We drove to Madrid in order to see that metropolis, but while it’s big and bustling and modern, we ended up using it mostly as a hub to see some of the charming little towns that surround it. The first was Segovia, Spain, which is famous for three structures in particular, as you’ll see below. It is also the capitol of the Province of Segovia, as well as the home of that famous women’s Roller Derby team, the Segovian Sluts.
The first of the three famous structures is an impressive aqueduct, which greets you as you drive into town. The aqueduct is so important to the Segovians that it’s even a part of the city’s coat of arms (although I have no idea how you’d fit an entire aqueduct into your coat). It is of Roman construction, estimated to have been built in the first century AD. The aqueduct is the city’s most important architectural landmark, and functioned for centuries. It runs a little over 9 miles (15km), delivering water from the Rio Frio river. Not sure if the water stayed frio during the journey, but this was before 7-11 invented Slurpees, so the Spanish didn’t care. But in essence, 7-11 killed the aqueduct. Think about that next time you push through the “Save the Aqueducts!” mobs when you decide to go into one of those stores.
You can see why the aqueduct is so important to Segovia, it’s pretty hard to miss. Can you imagine building something that is used for centuries? I wonder how many things we build today will be able to claim the same. Yeah, I think none. I might’ve said Betty White but she screwed that all up.
The second of the three structures is the Segovia Cathedral, which dominates the skyline and offers some impressive views of the landscape if you go to the top.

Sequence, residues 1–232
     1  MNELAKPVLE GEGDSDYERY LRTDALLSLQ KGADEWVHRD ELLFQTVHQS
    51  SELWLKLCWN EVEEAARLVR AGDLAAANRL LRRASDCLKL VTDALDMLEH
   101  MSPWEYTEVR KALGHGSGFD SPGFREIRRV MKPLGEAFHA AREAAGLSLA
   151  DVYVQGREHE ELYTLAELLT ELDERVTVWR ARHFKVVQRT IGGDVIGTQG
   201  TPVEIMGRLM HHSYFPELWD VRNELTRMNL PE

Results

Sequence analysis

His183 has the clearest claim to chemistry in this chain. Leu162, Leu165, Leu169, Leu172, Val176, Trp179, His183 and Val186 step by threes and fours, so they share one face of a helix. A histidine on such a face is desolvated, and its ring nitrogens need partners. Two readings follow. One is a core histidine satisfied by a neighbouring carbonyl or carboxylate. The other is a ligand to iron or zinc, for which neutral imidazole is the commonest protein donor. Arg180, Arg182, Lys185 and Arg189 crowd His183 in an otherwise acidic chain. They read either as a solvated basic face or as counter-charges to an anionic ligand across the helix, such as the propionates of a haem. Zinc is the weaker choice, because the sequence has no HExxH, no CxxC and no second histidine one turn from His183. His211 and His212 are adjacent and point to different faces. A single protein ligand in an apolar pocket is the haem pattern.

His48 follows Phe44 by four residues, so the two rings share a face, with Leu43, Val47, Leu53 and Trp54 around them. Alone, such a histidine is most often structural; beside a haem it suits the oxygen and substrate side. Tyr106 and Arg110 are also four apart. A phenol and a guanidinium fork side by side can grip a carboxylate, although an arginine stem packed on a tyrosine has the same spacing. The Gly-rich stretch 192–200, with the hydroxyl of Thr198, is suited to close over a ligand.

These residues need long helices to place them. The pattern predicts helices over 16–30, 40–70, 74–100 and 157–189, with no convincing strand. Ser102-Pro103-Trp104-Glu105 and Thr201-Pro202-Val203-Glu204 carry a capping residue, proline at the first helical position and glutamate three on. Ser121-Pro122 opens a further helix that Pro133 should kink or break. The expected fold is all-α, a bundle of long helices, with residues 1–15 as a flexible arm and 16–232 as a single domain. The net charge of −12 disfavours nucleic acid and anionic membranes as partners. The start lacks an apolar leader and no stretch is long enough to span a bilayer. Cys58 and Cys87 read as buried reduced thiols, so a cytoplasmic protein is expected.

The church was built in the mid-16th century in late Gothic style, which by that time was out of favor in the rest of Europe. The Spaniards of the time didn’t care about that though, because that was a time when a lot of Spaniards had a mindset against hard work. Seriously. That’s covered in some detail in the 1,342 page History of Segovia tome we have on our coffee table, so you know it must be true.
Anyway, I don’t know how they built anything with that attitude. In this case, the powers-that-be decided to dedicate it to the Virgin Mary, which must have scared all the construction workers into making it because none of them wanted to die a virgin. It’s all in the book!
The third famous structure is the Alcázar of Segovia (Alcázar means “Fortress”). It is a medieval castle originally built to serve as a fortress, but has also been used as a royal palace, a state prison, an artillery college, a military academy, a museum, and as a Chuck E. Cheese restaurant (just kidding).
It also inspired the castle in Disney’s 1937 animated film, Snow White and the Seven Spaniards (the title was later changed to Snow White and the Seven Dwarves after a couple of drunken Spaniards complained loudly in front of Walt’s wife, Lillian). We never hear much about Lillian Disney do we? I wonder if that was because of the Spaniards…
Segovia is also a beautiful and picturesque town. We spent most of the day just wandering around gazing upon all the beauty, both manmade and natural. The more we travel, the more we appreciate the smaller towns, with their history and charm. Segovia definitely filled the bill!
Segovia is also the home of the Spanish Western Order of the Overcaffeinated Nuns (SWOON). You can see their headquarters here at the Eurostar Cappuccino Convent.
But perhaps the most famous Segovian architecture of them all is the amazing Gargoyle with an iPhone. It’s said that Steve Jobs took a trip out here in the late ’90s and was inspired by this incredibly prognosticative ancient statue, and the rest is technology history. Fortunately, the gargoyle obviously wasn’t looking at porn, mostly because that hadn’t been invented yet, and if it had, no doubt there would have been a little, ahem. physical evidence from a naked gargoyle, if you know what I mean. Of course, I’m talking about his expression… wait, what were you thinking? Oh shame! Shame! You disgust me!
Well that’s it for Segovia. We highly recommend it to anyone traveling in or around Madrid, as it was to us by some local friends. It doesn’t get much more picturesque than Segovia, Spain. Seriously!